Oh dear. Do away with the em dash? Putting my personal affection for the mark aside, I’m hesitant to sub one form of punctuation for another. After all, you wouldn’t just swap out commas for colons. Although the em and en are both dashes, they have different meanings.
The en is primarily used in place of “to” (the 2010–2011 school year), but the lovely em dash—which The Chicago Manual of Style describes as “the most commonly used and most versatile of the dashes”—has many functions. It’s most often used to set off explanatory information, as in the previous sentence, or to indicate a break in thought.
To let you know where I’m coming from, here’s what Chicago has to say about dashes: “Hyphens and the various dashes all have their specific appearance and uses. The hyphen, the en dash, and the em dash are the most commonly used and must be typeset correctly; an en dash appearing where a hyphen is called for bespeaks editorial or typographic confusion.”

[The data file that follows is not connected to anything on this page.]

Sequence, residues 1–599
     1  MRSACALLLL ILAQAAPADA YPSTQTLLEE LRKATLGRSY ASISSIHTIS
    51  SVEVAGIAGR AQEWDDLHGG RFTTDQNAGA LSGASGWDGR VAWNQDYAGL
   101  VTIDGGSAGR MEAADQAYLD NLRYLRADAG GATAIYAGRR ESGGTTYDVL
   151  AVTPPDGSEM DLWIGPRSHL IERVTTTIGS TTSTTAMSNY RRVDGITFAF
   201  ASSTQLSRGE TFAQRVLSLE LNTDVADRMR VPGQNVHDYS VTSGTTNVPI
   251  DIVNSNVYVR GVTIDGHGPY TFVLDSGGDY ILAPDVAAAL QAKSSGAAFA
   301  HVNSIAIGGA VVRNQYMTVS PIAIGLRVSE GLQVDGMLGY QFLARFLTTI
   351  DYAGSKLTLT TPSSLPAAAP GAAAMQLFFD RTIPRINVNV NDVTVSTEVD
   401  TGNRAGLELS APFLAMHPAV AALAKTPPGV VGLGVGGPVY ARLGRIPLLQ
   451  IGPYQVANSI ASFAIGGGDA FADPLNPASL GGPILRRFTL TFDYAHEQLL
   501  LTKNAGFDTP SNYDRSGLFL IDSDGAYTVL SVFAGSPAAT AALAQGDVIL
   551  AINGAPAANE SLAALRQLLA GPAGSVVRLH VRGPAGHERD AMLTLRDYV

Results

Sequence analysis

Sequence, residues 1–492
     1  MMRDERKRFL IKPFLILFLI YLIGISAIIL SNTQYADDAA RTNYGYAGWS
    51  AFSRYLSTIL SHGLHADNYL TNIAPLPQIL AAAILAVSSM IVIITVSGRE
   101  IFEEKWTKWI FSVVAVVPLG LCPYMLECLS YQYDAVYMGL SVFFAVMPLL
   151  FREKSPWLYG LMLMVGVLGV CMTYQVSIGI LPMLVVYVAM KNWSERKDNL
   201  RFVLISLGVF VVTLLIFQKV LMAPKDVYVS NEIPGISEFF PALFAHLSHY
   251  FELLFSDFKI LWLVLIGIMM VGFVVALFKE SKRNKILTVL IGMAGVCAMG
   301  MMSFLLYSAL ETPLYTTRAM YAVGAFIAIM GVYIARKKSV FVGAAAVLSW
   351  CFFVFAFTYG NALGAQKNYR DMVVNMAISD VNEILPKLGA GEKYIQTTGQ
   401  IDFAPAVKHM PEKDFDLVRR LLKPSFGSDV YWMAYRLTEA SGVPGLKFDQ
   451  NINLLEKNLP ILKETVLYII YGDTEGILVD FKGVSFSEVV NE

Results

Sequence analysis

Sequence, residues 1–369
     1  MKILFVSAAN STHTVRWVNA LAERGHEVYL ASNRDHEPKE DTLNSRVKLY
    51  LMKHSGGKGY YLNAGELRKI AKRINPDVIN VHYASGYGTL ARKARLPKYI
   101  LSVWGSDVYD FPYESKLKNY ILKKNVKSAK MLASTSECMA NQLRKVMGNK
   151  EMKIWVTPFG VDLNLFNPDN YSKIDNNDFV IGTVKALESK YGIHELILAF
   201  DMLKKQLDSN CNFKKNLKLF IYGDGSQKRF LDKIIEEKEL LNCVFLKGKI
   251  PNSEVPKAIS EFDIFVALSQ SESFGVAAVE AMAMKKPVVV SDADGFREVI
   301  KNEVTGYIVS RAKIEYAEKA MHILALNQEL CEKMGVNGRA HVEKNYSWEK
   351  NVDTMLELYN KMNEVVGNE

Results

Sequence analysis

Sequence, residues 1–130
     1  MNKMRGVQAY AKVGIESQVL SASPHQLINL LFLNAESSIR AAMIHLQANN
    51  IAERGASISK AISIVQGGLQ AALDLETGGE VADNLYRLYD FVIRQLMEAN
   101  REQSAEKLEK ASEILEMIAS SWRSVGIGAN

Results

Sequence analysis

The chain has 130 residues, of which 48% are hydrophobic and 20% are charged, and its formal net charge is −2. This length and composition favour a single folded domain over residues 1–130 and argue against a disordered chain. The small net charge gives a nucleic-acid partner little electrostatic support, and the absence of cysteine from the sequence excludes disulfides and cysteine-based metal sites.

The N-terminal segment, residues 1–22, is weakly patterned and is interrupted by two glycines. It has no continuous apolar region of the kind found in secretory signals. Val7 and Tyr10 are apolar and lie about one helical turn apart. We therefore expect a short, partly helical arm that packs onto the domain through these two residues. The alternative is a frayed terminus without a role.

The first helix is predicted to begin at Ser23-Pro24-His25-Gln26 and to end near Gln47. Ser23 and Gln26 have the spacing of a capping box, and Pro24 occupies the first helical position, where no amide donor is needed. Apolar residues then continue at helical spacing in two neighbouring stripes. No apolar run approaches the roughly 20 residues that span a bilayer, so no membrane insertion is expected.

I assume they would apply the same logic to replacing an em dash with an en dash. Since it seems it’s the length of the em dash you object to, I suppose shortening it—while retaining its meaning—is a good compromise (but you should know there are 2-em and 3-em dashes). Visually, I like the way the em dash looks because it illustrates the separation that’s intended.
When it comes to punctuation, I’m more concerned about function than form, which is probably the opposite of how you feel. But I’m sure we have the same end goal in mind: readability. Maybe it would help if designers read The Elements of Style and editors read The Elements of Typographic Style?